Beso’s role models are not promising. His schoolteacher/karate instructor pleads with the students to stay behind and to support their village rather than abandon it, like so many seem to have done, for the city or points abroad. But what figures have remained behind? Waiting for Beso at home is his injured and furious father. He had been stationed in Chernobyl during the disaster and now sits at home on the couch in front of the television waiting to erupt at even the slightest provocation. He shouts at Beso to be useful, to make something of himself, to work out, to be strong. Beso, another silent and slouching type, mumbles his replies or disappears again. His mother must now be the sole bread-winner and bear the brunt of his father’s frustration and Beso is witness to their shouting matches on more than one occasion. She otherwise does not figure prominently in this snapshot of Beso’s life, only coming into his room to nag him to get to school or to express her own dissatisfaction. This leaves Beso’s brother, who is much older and living his life behind closed doors. Beso’s few interactions with him involve observing him from a distance, as he gives private dance lessons in his bedroom, or meets with his boyfriend in secret. Beso and his mate follow his brother and his boyfriend around. His friend urges them to get closer and closer, wanting to spy more on these deviant figures carrying on a homosexual relationship in the margins of their small Georgian village.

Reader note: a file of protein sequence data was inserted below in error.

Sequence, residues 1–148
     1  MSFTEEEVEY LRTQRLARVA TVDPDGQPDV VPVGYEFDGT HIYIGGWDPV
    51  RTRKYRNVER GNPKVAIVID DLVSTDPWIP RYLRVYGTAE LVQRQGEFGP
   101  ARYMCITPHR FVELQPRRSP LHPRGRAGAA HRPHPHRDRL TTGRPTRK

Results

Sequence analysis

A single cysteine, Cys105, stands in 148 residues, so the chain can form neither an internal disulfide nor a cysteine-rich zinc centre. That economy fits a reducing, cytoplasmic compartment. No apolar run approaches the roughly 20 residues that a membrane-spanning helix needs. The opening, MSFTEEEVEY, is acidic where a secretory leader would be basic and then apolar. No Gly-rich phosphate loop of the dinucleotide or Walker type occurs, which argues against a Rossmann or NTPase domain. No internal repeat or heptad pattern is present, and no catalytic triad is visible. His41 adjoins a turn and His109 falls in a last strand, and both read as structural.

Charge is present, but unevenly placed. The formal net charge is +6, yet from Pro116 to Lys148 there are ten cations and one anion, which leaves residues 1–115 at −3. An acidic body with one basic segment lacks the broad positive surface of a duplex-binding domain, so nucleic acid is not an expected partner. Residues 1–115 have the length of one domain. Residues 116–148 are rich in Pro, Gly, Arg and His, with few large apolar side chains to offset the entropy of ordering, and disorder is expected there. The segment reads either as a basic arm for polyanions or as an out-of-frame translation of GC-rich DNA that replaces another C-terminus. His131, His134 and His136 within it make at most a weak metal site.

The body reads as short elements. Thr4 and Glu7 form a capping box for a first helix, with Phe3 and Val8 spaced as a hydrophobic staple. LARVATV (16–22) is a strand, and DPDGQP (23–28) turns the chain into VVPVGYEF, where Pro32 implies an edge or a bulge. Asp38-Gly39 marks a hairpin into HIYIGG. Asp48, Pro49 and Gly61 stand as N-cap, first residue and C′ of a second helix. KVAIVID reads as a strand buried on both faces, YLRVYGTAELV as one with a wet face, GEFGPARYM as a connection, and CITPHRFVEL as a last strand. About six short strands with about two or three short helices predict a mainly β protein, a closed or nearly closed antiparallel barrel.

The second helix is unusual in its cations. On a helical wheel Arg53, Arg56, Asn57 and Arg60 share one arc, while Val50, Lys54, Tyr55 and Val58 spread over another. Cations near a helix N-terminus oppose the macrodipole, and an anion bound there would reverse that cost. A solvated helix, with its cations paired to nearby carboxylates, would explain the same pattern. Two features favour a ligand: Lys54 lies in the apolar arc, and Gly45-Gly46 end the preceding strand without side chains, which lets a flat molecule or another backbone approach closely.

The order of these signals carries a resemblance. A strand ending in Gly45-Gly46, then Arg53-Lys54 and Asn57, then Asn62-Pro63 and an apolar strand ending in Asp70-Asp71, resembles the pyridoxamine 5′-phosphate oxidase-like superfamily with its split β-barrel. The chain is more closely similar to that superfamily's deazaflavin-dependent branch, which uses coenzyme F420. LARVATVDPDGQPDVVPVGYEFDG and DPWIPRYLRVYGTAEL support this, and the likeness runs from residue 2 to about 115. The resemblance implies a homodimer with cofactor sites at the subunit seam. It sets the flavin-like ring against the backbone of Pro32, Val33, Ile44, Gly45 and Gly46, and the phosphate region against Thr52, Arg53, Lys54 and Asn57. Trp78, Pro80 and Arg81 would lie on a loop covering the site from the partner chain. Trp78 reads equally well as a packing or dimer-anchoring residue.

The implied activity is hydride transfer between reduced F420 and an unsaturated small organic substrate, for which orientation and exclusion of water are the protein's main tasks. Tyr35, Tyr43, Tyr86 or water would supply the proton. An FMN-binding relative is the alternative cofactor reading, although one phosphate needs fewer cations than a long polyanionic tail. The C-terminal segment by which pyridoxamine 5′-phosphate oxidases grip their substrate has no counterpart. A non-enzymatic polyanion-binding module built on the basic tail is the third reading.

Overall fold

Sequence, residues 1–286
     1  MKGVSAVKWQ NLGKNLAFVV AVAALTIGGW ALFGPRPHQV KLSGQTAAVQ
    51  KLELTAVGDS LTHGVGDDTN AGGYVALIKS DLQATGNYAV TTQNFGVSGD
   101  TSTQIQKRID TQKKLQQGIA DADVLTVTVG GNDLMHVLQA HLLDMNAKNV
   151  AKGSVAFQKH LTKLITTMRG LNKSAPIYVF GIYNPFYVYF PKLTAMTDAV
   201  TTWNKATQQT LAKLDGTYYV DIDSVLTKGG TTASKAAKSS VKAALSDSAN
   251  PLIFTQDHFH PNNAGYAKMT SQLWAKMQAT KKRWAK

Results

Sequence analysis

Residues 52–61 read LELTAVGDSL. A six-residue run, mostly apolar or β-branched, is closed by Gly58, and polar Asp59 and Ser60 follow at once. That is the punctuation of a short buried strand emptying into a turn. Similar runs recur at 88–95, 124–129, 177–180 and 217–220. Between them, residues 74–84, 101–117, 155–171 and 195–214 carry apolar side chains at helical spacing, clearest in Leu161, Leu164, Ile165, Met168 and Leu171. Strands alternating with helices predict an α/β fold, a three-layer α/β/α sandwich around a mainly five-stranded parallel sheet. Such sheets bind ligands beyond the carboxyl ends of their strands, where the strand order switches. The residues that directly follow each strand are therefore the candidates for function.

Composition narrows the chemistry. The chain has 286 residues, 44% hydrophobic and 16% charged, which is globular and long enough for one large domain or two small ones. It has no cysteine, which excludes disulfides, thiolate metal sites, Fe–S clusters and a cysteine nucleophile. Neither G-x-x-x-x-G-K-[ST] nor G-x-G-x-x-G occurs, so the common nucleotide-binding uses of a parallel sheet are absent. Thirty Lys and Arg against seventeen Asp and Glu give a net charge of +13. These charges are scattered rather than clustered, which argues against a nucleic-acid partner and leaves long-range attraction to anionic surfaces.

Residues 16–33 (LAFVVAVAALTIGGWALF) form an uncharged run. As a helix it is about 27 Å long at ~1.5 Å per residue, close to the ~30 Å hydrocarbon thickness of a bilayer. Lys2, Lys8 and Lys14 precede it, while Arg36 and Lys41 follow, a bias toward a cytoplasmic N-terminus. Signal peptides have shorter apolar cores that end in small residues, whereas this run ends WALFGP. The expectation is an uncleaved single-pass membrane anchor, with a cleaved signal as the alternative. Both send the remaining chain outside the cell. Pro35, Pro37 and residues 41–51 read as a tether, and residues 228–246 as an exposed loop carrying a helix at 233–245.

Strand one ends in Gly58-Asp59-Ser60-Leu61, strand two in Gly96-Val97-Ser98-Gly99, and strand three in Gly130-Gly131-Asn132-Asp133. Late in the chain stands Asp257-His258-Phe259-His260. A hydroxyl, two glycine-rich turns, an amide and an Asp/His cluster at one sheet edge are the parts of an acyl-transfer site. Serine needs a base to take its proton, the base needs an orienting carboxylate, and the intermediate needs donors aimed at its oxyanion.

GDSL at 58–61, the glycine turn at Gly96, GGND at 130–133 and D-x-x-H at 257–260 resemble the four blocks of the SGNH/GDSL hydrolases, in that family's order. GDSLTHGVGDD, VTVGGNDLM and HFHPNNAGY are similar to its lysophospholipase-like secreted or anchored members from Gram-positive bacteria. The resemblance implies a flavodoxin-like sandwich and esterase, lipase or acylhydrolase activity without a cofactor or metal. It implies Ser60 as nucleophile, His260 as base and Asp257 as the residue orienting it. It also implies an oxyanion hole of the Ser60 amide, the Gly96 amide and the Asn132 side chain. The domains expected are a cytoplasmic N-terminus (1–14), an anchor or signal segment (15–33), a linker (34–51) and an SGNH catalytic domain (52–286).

Both Modris and Beso seldom make eye contact. Glimpses of their faces are few and far between. These are the protagonists, but they are not playing for an audience. The effect is that they seem to be hiding, even when they are the focal point on the screen. Their trouble connecting with the figures in their lives is mirrored in an inability to make a direct connection with the audience. They do not keep us from feeling empathy, but this does not come without frustration on the part of the audience who sees no other options for these characters but to continue on their path, to get stuck and to keep making the same mistakes. We are not given a satisfying conclusion, no glimpse of some alternative future. Beso’s brother is seen leaving for Armenia, but we are left with no clues about what will become of Beso when he’s gone. We leave Modris sitting in jail, the place we half-expected him to end up. Will this be an opportunity for real change, or are the bleak prison settings merely a microcosm of the bleak landscape of dead ends and indifference on the outside?